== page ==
J. Cynthia McDermott – Antioch University Los Angeles
Posted on Tuesday, October 11th, 2011
J. Cynthia McDermott’s career has taken her to some incredibly diverse places, from the streets of Philadelphia to the rural countryside of Moldova. A common thread running through her experiences is a desire to make the world a better place for those who lack a fighting chance.
Last year, Dr. McDermott received a prestigious honor made possible by her life’s work: She was awarded a Fulbright Scholar grant to teach and train on civic engagement in Bosnia and Herzegovina.
“This was a huge recognition of what I’ve attempted to accomplish in my career,” says McDermott, education program chair at Antioch University Los Angeles (AULA). “As an academic, it’s one of the true jewels in the crown.”
McDermott spent from February to June 2011 at the University of Sarajevo and three other institutions. In collaboration with faculty, she developed “train the trainer” models to encourage the creation of democratic classrooms that support civic engagement.
A Lifelong Interest in Social Justice
Growing up in a family of Irish union firefighters sparked McDermott’s interest in social justice. She credits her commitment to democratic teaching, meanwhile, to her progressive undergraduate education at Millersville University.
McDermott launched her professional career in 1971 as an English teacher in rural Pennsylvania. Over the next 18 years, she earned a master’s degree in education, organized a reading program to assist gang members in her hometown of Philadelphia, taught bilingual kindergarten in Compton, California, and more.
In 1989 McDermott began an extended period in higher education by joining the staff at California State University, Dominguez Hills. Nine years later, she was chosen as a fellow for the Soros Foundation Open Society Program. From 1998 to 2005, she volunteered in Moldova, Armenia, and Romania, partnering with educators to help students foster critical reading skills.
She views her work in those former Soviet republics–along with the rest of her career–as building upon the ideals she developed as an undergraduate at Millersville.
“My interest has always been in promoting the health of our democracy,” she said. “To do that, we need citizens who are good critical thinkers and understand the principles of good democratic practice.”
Answering the Call
In 2009, three years after coming to AULA, McDermott learned that Bosnia and Herzegovina had submitted a request for civic educators through the Fulbright Program. Suspecting she had the ideal skill set, she decided to apply.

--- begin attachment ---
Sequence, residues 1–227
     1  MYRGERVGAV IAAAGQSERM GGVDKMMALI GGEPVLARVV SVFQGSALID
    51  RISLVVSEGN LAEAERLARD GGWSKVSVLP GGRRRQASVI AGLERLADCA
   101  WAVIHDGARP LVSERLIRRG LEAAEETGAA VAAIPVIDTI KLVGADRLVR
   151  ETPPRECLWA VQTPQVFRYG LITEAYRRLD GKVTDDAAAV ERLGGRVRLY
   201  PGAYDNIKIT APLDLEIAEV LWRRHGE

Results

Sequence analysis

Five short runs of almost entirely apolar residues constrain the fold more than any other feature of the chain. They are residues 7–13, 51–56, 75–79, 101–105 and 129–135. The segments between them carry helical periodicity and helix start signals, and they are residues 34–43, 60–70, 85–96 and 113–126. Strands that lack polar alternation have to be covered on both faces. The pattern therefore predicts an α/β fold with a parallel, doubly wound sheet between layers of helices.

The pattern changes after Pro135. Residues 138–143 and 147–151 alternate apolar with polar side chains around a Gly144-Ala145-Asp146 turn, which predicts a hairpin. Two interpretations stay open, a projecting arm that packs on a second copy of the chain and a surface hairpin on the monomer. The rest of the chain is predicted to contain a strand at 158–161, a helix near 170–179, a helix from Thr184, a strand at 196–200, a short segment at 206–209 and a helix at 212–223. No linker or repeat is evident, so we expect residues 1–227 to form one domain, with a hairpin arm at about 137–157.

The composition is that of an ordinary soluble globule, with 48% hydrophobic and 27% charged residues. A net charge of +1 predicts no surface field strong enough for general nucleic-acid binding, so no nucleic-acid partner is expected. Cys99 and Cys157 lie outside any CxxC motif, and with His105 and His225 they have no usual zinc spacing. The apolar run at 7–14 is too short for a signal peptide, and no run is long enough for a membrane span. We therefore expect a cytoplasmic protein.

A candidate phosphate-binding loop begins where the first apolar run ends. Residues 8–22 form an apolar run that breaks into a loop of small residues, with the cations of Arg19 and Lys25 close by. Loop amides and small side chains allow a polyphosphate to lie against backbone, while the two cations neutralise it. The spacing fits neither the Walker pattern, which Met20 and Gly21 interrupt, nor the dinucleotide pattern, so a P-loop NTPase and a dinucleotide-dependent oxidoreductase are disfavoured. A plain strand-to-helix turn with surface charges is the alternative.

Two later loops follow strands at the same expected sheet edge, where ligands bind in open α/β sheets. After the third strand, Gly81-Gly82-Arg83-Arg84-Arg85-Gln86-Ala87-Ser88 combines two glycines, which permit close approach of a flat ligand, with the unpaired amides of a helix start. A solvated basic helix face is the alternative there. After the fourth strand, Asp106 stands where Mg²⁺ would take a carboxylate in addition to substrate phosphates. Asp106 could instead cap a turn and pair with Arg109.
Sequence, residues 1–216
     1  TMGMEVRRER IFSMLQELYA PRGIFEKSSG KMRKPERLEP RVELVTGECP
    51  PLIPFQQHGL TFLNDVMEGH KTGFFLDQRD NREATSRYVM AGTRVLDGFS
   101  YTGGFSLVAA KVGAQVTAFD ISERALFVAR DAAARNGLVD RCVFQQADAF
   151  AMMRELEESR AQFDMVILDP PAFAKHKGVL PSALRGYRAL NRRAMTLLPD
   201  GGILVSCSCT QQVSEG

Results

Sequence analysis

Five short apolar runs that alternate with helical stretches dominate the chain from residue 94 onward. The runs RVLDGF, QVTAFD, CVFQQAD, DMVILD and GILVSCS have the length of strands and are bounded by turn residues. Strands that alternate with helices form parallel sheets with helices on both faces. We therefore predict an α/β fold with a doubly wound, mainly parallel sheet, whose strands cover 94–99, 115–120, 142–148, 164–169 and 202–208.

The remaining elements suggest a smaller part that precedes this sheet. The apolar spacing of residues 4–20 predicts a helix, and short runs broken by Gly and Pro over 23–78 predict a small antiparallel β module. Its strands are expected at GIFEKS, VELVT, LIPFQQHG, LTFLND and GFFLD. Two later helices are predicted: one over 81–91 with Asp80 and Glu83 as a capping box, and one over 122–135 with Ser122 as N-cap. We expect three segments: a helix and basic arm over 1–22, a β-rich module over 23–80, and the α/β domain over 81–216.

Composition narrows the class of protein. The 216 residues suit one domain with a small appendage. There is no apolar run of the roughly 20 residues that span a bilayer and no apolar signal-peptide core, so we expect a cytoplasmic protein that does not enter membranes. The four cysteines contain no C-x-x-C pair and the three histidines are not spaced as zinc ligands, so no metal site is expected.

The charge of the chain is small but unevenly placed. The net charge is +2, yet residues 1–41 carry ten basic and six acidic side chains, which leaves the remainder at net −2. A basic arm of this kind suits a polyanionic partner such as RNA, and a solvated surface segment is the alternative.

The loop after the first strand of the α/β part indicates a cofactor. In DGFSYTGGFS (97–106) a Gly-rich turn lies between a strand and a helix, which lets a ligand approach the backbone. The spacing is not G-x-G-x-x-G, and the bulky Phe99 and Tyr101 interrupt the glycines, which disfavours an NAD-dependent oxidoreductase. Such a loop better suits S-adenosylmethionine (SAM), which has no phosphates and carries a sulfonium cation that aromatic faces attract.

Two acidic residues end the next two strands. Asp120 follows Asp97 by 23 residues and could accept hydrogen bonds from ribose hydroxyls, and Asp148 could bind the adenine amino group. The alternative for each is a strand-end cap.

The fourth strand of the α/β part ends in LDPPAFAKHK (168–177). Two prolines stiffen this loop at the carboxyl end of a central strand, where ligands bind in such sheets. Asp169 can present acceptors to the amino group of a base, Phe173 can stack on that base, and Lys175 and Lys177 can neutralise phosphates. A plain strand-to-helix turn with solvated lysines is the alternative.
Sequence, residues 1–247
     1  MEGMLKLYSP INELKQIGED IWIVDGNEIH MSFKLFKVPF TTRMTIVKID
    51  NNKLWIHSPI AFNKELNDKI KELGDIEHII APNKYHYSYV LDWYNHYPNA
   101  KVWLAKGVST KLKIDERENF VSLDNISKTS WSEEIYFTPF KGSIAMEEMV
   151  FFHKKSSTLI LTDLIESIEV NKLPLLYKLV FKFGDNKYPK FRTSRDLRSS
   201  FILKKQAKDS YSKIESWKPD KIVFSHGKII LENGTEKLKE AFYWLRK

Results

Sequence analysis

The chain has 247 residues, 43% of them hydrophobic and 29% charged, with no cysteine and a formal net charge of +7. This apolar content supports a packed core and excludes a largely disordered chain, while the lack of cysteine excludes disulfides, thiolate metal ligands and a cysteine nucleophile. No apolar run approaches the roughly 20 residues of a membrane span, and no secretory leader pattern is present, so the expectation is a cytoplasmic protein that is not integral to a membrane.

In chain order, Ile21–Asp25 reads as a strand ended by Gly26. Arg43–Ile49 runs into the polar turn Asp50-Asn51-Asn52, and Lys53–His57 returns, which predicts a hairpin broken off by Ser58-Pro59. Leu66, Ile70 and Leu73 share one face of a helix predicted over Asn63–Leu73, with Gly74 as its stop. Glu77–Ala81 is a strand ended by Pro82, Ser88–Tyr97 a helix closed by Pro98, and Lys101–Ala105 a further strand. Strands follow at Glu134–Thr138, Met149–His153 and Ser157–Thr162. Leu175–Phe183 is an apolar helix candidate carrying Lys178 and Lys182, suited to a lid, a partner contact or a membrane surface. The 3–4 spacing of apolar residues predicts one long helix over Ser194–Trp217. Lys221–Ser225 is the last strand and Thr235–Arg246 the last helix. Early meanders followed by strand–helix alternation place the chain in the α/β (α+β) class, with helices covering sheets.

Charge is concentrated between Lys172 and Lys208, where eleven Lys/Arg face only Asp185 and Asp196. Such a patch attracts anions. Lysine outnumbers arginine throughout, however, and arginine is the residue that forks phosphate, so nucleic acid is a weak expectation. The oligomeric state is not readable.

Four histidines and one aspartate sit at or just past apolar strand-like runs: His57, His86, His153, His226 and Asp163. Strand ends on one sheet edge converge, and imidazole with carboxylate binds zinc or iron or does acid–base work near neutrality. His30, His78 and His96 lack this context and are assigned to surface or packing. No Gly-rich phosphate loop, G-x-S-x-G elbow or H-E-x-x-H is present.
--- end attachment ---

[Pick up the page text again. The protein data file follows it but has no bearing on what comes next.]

Following a complex, lengthy review process, McDermott was named a Fulbright Scholar in May 2010. About eight hundred U.S. faculty and professionals travel abroad each year to teach and/or conduct research through this highly competitive program.
While living in Sarajevo, McDermott trained the people who train teachers and other educators on democratic teaching practices. One of the fundamental problems with education in much of the world is what McDermott calls “the old lecture style.”
“It’s all, ‘Sit down and shut up, do what I tell you to do,’” she notes. “The student has no ability to ask questions, to participate. Research shows that doesn’t generally encourage people to be critical thinkers.”
This issue is exacerbated in a place like Bosnia and Herzegovina. While the country has a highly educated population, it also has a history of autocratic rule and lack of civic engagement. Worse yet, citizens today feel powerless to effect change due to the bureaucratic governmental structure, says McDermott.
“Everything I did over there was geared toward creating an environment where students and faculty can get in touch with their voice,” she says. “Because you can’t see yourself creating change if you don’t have a voice.”
While McDermott’s stint in Bosnia and Herzegovina ended in June, she has already returned to the country as part of her work with Step By Step, an early childhood program. And you get the feeling that more international travels await, all in the pursuit of a greater good.
“Our ideals are what frame who we are,” says AULA’s first Fulbright Scholar. “When you take those with you, that’s how you fly.”